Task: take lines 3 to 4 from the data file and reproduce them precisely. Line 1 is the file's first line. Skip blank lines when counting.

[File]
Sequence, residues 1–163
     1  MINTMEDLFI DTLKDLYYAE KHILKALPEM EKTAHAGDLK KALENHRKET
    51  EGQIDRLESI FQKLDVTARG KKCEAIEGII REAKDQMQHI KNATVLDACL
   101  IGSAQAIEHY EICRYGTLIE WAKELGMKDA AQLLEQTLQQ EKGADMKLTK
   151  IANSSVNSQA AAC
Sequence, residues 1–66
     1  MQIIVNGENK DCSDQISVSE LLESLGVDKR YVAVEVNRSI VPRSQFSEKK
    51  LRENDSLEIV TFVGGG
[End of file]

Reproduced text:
    51  EGQIDRLESI FQKLDVTARG KKCEAIEGII REAKDQMQHI KNATVLDACL
   101  IGSAQAIEHY EICRYGTLIE WAKELGMKDA AQLLEQTLQQ EKGADMKLTK